- Another friend (#2) of yours says hey, if he (friend #1) doesn’t pay you back, I will pay you back. And for me giving you this guarantee, I want $10.00 upfront, and I (friend #2) will guarantee payment to you.
- You give friend (#2) $10.00 cash.
- Now you have 2 people you could collect $100.00 from. Friend (#1) who directly owes you $100; and friend (#2) who is guaranteeing you repayment if (friend #1) defaults (i.e. doesn’t pay you back).
- Friend #2 really just issued you a credit default swap – a guarantee of payment, again in the event friend #1 defaults payment (doesn’t pay you back, goes bankrupt, etc).
- To guarantee that you get paid, you took out a $100 insurance policy from friend (#2). The insurance policy cost you $10.00.
- You will get your $100.00 back. But you will really end up with $90.00 back if friend (#2) ends up paying you. ($100 insurance policy less $10.00 cost of the policy = $90.00 net back to you). $90 is better than $0.00 right? That is why credit default swaps are issued. People are willing to pay an insurance premium to guarantee that they will get money that is legally owed to them in case the other party defaults and thus can’t pay.
- Thus, because AIG (friend#1) owed Goldman money and AIG did not default, AIG had to pay. If AIG went bankrupt, another insurance company (friend #2) would have guaranteed AIG’s payment to Goldman. Since the U.S. government interfered and took over AIG, the U.S. government (tax payer) took over the liabilities of AIG and thus, had to pay.
Here is the problem that contributed to nearly collapse the world’s financial system:
AIG had allegedly issued $441 Billion worth of credit default swaps and kept no cash reserves to payout any insurance policies if there were any claims made by policy holders. Ooops.
So when say Lehman Brothers failed (defaulted/ went bankrupt) (friend #1), all the people who previously went to the world’s biggest insurance company, AIG (friend #2), said, ok, Lehman (my friend #1) flaked, can’t pay, so I am here to collect from you AIG – (friend #2) because you guaranteed me that if the other guy (Lehman – friend #1) doesn’t pay, you will pay. So what happens if friend #2 has no money to pay you. When we are talking billions of dollars, you take a total loss on the original money you loaned out, plus you lose the insurance payment(s) you made to friend #2. Thus you actually lose more money than you did in the first place. Result: Both of you can go bankrupt.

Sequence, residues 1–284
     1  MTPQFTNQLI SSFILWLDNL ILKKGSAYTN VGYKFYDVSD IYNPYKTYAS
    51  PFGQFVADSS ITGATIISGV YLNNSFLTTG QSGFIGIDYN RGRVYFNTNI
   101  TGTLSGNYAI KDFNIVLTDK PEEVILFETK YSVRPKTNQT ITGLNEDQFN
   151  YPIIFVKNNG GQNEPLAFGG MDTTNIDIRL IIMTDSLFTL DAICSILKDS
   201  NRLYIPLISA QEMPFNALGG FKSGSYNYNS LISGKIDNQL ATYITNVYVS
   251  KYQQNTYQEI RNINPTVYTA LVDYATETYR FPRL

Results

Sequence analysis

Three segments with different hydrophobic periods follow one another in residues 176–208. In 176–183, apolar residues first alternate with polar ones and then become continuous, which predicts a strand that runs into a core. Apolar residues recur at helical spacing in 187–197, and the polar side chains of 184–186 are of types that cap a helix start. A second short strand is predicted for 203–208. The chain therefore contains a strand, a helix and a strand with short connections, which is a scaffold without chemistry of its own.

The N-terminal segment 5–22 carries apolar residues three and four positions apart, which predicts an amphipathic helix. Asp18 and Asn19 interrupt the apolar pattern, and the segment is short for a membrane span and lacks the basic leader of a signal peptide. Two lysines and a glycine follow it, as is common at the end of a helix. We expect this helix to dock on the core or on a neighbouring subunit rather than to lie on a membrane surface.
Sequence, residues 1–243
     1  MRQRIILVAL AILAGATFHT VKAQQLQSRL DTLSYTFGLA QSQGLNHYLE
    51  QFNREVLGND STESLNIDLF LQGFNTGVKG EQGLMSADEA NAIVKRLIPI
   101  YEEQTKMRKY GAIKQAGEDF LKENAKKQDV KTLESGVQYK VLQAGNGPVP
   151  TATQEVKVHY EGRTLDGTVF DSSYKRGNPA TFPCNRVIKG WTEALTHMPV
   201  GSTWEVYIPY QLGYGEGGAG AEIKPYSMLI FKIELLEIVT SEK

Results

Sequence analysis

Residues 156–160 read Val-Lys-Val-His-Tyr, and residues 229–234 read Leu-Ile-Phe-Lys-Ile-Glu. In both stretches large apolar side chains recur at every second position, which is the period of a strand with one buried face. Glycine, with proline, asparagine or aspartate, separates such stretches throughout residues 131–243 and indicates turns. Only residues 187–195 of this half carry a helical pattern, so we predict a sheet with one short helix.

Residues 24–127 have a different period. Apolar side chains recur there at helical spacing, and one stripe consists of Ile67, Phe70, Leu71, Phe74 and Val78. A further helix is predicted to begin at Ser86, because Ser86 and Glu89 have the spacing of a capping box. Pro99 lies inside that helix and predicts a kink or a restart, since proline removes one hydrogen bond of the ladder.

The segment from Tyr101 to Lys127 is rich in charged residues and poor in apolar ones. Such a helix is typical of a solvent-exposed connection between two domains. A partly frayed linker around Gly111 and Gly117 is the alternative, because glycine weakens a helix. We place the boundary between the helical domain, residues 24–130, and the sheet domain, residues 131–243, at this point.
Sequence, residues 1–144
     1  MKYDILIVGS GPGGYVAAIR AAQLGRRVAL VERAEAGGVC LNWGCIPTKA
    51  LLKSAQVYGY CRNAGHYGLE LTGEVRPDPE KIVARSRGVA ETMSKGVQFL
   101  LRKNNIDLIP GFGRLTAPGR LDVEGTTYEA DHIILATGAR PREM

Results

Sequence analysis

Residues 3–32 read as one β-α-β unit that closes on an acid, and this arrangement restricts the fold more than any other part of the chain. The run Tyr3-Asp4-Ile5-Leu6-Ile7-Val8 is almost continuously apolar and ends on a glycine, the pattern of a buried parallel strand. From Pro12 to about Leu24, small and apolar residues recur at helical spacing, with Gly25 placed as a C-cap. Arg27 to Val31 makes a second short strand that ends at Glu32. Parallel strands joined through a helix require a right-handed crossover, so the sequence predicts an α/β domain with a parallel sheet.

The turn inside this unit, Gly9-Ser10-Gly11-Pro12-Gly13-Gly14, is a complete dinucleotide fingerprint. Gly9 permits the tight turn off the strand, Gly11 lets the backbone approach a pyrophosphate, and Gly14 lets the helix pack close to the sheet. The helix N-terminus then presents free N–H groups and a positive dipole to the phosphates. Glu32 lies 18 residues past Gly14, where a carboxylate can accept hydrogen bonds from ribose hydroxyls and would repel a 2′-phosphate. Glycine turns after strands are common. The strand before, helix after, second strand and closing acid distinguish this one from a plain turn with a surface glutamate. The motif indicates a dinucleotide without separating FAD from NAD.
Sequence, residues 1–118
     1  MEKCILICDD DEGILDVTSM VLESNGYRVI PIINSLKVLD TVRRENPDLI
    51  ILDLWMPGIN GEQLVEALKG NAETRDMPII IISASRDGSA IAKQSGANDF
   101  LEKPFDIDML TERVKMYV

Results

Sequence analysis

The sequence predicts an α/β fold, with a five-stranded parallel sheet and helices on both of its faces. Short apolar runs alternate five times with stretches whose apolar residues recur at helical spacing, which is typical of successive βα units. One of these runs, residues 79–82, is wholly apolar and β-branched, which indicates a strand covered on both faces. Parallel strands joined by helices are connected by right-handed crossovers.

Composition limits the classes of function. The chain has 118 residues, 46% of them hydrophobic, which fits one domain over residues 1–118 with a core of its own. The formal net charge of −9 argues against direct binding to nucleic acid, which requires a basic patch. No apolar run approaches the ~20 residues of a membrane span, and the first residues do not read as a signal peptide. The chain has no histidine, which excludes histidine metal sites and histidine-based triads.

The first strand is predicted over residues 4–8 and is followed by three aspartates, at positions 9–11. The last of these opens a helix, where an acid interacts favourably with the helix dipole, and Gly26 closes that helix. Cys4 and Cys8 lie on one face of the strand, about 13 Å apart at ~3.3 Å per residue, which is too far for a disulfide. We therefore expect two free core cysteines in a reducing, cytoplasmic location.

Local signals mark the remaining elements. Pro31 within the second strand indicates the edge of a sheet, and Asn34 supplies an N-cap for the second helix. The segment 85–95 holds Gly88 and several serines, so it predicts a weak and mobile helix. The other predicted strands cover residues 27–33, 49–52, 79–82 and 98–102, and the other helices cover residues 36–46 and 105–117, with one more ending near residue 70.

As noted, Senator Levin was very bothered by Goldman getting $2.5 Billion it was legally due from AIG. Again, had the US government not bailed out AIG, Goldman would have got the money from another insurance company. Levin continued to say Goldman got $2.5 Billion of tax payer money anyway. There is nothing illegal, or unethical about this. It was a legal contract, and whether we like it or not, the government allowed AIG to stay in business, and thus it had to pay all of its obligations, including funds that went to foreign banks!
AIG is still under SEC investigation. Why Congress isn’t hanging these guys at AIG out to dry for clearly in my view, AIG breached every fiduciary obligation ever written is beyond me. Yet, perhaps a little oversimplification, but basically Congress wants to go after Goldman because they made money, when others were losing money.
16. Goldman Sachs is thinking that they want to be done with this now, and the CEO goes public considering to settle with the SEC (Source: Reuters). It’s probably a good move. I think the SEC case is weak. Goldman is apparently willing to pay what might be large fines and the SEC could say they won, with Goldman admitting no wrong doing. Then the SEC could go after the real and more obvious culprits of the crisis.
But could it be ego or real new evidence that the SEC is now upping the ante to make Goldman a criminal probe? This will all come out over the next few days, weeks or so. The downside is this can drag the entire financial sector down again, and is this what the government really wants to do?
Who Really Has a Conflict of Interest?
17. After closely following and collecting literately 1000’s of articles since 2007 to date, I think the SEC would have a much easier and stronger case against AIG, than they would verses Goldman Sachs. The difference in my assessment is the government, the FED, the Treasury, collectively owns 80% of AIG, and 0.00% of Goldman Sachs. AIG has no money to pay fines, especially since the government dumped $85 billion+ in AIG to keep them afloat. If the government sued AIG, they would just be paying the government back its own money that the government borrowed to finance the bailout in the first place. On the other hand, Goldman has billions in cash it could pay the government. So whose deep pocket do you go to collect from? Your own money, or some other person’s money? Your witness.